Friday, February 13, 2009

The Greeks had a word for it.

The fear of Friday the 13th is called paraskavedekatriaphobia, a word derived from the concatenation of the Greek words Paraskeví (Παρασκευή) (meaning Friday), and dekatreís (δεκατρείς) (meaning thirteen), attached to phobía (φοβία) (meaning fear). This is a specialized form of triskaidekaphobia, a simple phobia (fear) of the number thirteen, and is also known as friggatriskaidekaphobia. The term triskaidekaphobia was derived in 1911 and first appeared in a mainstream source in 1953.

So says Wikipedia, the online encyclopedia.

So the Greeks didn’t have a word for it. They had two words for it, paraskavedekatriaphobia and friggatriskaidekaphobia.

But wait. That can’t be right. One of those words, I think, is not legitimate Greek.

Do you know which word is not really Greek, and why? Hint: It has nothing to do with the fact that the term triskadekaphobia was not derived until 1911. You’ll need to think again, a little harder.


  1. I have a fear of Greek words as long as the ones in this post

    An Arkies Musings

  2. Friggatriskeadekaphobia is not really Greek. Frigga would come from the Anglo Saxon or Germanic word that Friday is named for--some Norse goddess, I think.

  3. Richie, LOL!

    Ruth, I should have known you would know. You are correct. The word Frigga, the Norse goddess for whom Friday is named, is not a part of the Greek language.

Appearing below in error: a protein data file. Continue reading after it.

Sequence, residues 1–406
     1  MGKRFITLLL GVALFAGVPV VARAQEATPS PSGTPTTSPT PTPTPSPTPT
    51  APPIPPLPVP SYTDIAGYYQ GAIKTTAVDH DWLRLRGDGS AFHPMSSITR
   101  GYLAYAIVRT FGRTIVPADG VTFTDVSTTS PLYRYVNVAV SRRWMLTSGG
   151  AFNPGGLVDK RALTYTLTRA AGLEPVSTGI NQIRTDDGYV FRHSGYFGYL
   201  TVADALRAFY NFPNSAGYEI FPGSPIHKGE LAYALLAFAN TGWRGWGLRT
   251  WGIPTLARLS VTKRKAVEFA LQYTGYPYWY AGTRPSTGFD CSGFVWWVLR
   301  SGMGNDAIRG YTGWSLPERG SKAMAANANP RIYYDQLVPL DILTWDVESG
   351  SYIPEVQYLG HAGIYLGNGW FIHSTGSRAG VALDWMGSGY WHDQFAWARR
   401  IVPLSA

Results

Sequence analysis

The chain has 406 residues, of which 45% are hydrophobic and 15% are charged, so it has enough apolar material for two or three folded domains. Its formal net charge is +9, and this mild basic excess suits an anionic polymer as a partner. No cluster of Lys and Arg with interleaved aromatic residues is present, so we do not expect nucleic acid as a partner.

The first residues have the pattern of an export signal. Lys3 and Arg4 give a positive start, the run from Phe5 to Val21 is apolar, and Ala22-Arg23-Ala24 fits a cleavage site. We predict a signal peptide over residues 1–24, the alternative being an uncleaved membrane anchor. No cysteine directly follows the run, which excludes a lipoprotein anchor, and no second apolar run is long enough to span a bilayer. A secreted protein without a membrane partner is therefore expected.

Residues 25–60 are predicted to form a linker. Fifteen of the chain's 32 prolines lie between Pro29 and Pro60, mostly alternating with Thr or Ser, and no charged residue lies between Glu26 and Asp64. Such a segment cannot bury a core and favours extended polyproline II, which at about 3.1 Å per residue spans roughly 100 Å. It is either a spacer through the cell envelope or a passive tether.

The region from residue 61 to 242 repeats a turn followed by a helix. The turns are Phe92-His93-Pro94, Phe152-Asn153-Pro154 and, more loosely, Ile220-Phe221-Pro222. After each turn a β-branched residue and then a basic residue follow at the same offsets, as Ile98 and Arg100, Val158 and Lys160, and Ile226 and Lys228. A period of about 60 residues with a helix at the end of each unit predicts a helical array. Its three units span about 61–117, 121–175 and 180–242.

Thursday is named for Thor, and Wednesday is named for Woden (or Oden), and Tuesday is named for Tye, Norse deities all. I wonder why. And none of those names (or Norway either, for that matter) has anything to do with Greece.

    I was hoping to hear some far-out answers before the correct one was posted!

  4. Before reading Ruth's comment, I figured "frigga" was not sounded Scandinavian to me.

    Right before I read your post, I had read an article in today's newspaper about that word "paraskavedekatriaphobia". I immediately wished I would have blogged about it.....and am glad to see you did.

  5. Hi, Jeannelle, my readers are all too smart for my little quizzes! I checked on a Greek language site, and dekatria is definitely the Greek word for thirteen. Triskadeka doesn't seem to mean anything. Tria is three and deka means ten, so dekatria is literally ten and three, but I don't know where they came up with triskadeka. It isn't "three tens" because triska isn't the word for three, and it doesn't mean thirty (three tens) because trianta is the Greek word for thirty.

    Isn't my blog educational? :)

  6. So sorry, Bob. I usually try to be more guarded about spoiling the answers.